Shawn Lynch's Reviews > Flowers for Algernon

Flowers for Algernon by Daniel Keyes
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Oct 26, 2013

really liked it
Read on October 26, 2013

The beauty of Flowers for Algernon is found in the language used by the protagonist and narrator, Charlie. The progression of intelligence used in the writing, the peak of that language and the subsequent regression of the intelligent language used. Through this carefully orchestrated melody of words, we see the changes Charlie undergoes as he is a mentally handicapped janitor given the chance to become a genius through a scientific experiment and then his decline back down into a level of intelligence that leaves him unable to survive in the world he had come to know.

Personally, I found the book to be packed with Buddhist concepts and philosophy. From the focus on the interconnectedness of all living things (Charlie and Algernon, the mentally handicapped and geniuses), the absence of fear of death but the need to learn from life (Charlie's hallucination in the room with Strauss "I am afraid. Not of life, or death, or nothingness, but the wasting it as if I had never been.") and the desire to not cause suffering (never seeing Alice again after coming into her classroom).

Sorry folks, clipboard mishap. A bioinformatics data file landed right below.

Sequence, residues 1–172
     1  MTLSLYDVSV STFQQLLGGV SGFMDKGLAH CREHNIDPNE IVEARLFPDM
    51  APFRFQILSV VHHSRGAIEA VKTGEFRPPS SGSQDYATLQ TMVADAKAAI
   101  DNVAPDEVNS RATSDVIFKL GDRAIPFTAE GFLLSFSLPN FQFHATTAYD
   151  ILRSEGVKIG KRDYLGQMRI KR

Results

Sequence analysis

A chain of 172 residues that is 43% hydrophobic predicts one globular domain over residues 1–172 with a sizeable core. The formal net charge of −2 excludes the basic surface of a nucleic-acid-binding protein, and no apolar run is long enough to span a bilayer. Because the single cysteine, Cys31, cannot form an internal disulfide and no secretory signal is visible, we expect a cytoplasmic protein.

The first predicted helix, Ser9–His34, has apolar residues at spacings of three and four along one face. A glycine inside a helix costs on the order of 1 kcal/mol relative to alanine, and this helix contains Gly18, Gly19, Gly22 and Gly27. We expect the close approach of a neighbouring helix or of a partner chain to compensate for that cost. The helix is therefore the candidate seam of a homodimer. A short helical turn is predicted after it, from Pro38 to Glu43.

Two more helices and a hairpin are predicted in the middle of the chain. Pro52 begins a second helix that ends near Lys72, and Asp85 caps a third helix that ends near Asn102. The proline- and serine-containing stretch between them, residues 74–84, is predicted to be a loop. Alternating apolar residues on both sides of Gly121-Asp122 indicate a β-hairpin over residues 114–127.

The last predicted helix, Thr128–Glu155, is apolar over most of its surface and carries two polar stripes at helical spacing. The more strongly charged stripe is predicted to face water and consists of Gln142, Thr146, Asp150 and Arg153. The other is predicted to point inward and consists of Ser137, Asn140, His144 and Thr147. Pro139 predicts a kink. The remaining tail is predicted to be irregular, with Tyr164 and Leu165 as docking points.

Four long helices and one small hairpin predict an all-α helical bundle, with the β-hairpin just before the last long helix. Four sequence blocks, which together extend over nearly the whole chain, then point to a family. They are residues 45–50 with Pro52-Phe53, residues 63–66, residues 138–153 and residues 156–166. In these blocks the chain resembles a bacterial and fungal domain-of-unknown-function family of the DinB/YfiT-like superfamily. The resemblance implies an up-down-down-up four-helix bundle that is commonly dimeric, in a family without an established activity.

We walk with Charlie as he discovers a range of human experiences that no one could dream of experiencing and he goes from what most would think of as a sad existence (ridiculed by "friends" as a janitor at a bakery) to one of high esteem (leading a research team studying the effects of artificial intelligence acceleration) and we see through Charlie's eyes how the desire for "normal" and "comfort" and "acceptance" are not the things that make us happy.

In the end, Charlie asks that someone remember to put flowers on Algernon's grave, because even though he had lost all that he had gained from being at the top, he knew that he and Algernon were the same.
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10/26/2013 marked as: currently-reading
10/26/2013 marked as: read

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